6. Production process/flow design, high-level design of the automated tooling line (i.e., figuring out requirements to which the integrator will build the automated line) — typ. domestic, but in part done by integrator so may be outsourced. The situation I have seen so far is that the requirements are typically developed jointly between the “customer” (i.e., company whose product is being manufactured), the integrator, and the manufacturer who will operate the production line. Really this is an absolutely critical part. If there is novelty in the product being manufactured (i.e., there is an assembly step using a tool or process that the integrator and/or production line requirements designer does not have experience with), then there will be trial and error, a pilot production phase, which is more likely to be fully in the hands of whoever drives the detailing of the production line requirements. That is, the manufacturer and/or the customer (company who owns the product). Sometimes this 3-way dance works, sometimes it fails. Considerable management involvement here. Pilot production projects are another aspect of this, as mentioned. Those can be fun, esp. if something new is being developed. After that, the integrators come in and they do the heavy lifting in terms of man-hours spent detailing and executing the design/build/some-testing of the production line.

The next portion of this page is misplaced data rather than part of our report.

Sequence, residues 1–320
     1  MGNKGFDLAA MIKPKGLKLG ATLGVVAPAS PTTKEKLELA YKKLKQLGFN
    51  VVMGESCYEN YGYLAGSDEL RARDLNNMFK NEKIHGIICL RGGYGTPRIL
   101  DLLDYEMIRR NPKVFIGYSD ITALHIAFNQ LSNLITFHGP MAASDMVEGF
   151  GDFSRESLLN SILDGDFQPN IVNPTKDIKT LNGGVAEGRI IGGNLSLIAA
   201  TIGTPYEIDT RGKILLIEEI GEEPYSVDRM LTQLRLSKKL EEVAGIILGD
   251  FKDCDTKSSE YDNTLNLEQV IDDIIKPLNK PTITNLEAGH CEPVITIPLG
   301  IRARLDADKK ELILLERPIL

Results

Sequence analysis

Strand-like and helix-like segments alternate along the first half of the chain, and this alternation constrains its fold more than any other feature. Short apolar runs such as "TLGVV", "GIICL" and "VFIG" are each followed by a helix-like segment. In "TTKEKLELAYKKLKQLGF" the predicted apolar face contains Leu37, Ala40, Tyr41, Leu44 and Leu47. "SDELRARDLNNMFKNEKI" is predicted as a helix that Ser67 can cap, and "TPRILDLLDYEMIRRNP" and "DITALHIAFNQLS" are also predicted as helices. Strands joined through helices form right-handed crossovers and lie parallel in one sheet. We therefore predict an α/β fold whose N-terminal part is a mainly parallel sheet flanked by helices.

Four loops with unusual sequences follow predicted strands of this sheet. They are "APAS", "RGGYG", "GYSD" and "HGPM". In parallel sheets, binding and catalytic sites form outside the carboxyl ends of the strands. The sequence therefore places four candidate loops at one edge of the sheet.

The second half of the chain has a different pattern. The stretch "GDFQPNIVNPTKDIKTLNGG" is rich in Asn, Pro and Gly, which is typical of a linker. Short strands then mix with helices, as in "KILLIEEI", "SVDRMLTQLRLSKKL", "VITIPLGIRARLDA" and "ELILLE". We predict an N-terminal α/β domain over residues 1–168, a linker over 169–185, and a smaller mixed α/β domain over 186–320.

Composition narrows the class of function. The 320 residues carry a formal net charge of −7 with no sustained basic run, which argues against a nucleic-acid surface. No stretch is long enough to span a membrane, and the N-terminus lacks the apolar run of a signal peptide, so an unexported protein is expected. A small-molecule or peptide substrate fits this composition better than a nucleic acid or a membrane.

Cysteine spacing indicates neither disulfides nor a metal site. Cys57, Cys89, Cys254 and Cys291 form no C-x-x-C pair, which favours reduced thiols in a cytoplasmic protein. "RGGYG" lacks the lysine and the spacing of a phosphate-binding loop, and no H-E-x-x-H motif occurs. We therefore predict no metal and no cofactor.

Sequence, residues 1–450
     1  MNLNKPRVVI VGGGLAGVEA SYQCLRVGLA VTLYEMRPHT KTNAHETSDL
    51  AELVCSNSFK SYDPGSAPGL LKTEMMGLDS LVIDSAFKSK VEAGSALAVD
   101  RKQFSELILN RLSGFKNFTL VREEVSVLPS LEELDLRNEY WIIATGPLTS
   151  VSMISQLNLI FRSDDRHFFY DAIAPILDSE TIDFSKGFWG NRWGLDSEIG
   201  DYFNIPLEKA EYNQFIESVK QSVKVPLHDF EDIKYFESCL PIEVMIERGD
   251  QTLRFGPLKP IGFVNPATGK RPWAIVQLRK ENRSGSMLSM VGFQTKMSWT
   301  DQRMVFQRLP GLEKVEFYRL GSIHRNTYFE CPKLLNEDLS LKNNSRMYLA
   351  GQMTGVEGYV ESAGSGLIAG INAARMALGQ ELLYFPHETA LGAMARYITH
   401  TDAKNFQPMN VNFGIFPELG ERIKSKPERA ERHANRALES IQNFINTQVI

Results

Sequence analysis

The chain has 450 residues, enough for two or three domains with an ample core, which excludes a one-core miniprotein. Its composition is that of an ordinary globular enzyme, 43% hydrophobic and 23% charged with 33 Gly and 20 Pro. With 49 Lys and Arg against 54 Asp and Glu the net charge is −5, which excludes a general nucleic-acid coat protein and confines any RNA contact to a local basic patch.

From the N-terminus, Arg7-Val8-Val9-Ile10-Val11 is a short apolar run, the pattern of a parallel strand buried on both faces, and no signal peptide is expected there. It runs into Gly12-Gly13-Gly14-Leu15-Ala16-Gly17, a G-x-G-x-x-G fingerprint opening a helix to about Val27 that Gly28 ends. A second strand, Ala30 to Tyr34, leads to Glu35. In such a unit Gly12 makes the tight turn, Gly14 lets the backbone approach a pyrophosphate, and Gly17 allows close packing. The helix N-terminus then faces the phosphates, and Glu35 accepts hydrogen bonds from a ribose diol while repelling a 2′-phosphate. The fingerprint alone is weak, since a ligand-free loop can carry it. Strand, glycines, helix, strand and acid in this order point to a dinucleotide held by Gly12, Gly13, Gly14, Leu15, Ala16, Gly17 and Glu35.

7. Validation of the whole production line (an extensive and ongoing task) — typ. domestic, may be required that it is domestic, by regulations if medical or defense.

8. Operation of the production process — depends on the industry. For the high value, low volume stuff, domestic. For consumer low value hi volume stuff, plants set up in Mexico or China.


Trends going forward — starting to see the more generic engineering get outsourced. Talking about the orchestration of the moving parts of a production line, which is a lot of work but relatively routine. Custom component fab is definitely getting outsourced, that’s well underway already. Electrical fab at all levels of integration has been outsourced for a long time now. Increasingly modular design means electrical design is on its way out too.


Conclusion:

A domestic manufacturing revival would be very cool, but not only will not create more than a handful of blue collar jobs, it will not even create that many technician or engineer jobs.

Like his predecessors, Trump is barking up the wrong tree. If manufacturing is to again become a significant part of the economy, the issue of redistribution of wealth remains. If manufacturing does not again become a significant part of the economy, the issue of redistribution also remains.